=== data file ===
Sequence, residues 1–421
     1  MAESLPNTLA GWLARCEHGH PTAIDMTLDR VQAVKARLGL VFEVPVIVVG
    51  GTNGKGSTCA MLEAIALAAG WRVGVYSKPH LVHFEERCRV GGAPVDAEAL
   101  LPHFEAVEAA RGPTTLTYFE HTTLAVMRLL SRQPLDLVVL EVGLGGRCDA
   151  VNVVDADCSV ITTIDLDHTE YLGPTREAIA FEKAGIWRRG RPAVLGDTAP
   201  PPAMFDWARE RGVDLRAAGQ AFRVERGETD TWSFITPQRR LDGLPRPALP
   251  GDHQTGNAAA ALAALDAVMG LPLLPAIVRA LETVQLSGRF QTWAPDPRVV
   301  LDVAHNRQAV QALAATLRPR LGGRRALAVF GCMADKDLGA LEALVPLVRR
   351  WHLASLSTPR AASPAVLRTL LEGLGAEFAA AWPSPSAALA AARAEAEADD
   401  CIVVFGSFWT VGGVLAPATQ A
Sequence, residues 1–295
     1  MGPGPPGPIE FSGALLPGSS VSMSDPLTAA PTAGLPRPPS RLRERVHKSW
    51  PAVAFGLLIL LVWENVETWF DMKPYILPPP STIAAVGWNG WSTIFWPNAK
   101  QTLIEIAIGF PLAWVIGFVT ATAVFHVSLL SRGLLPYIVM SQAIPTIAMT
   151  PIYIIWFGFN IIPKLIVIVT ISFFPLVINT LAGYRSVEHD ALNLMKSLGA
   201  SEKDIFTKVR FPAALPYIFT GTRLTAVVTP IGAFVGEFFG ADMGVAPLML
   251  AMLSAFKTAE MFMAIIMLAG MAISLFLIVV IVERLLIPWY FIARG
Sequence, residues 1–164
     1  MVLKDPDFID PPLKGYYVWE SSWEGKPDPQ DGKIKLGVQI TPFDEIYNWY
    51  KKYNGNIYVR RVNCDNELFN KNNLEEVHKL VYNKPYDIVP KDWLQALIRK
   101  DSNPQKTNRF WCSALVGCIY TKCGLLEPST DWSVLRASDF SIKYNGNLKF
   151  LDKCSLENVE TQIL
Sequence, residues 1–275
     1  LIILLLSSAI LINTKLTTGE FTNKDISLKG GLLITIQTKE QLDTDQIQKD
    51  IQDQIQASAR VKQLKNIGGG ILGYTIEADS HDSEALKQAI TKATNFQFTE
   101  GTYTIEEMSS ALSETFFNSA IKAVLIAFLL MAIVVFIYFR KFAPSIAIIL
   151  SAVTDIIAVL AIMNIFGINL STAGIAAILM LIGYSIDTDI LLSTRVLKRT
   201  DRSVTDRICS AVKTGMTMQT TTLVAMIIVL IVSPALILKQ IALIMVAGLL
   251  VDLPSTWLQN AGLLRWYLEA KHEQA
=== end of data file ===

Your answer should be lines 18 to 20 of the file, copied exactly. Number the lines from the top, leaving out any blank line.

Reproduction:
Sequence, residues 1–164
     1  MVLKDPDFID PPLKGYYVWE SSWEGKPDPQ DGKIKLGVQI TPFDEIYNWY
    51  KKYNGNIYVR RVNCDNELFN KNNLEEVHKL VYNKPYDIVP KDWLQALIRK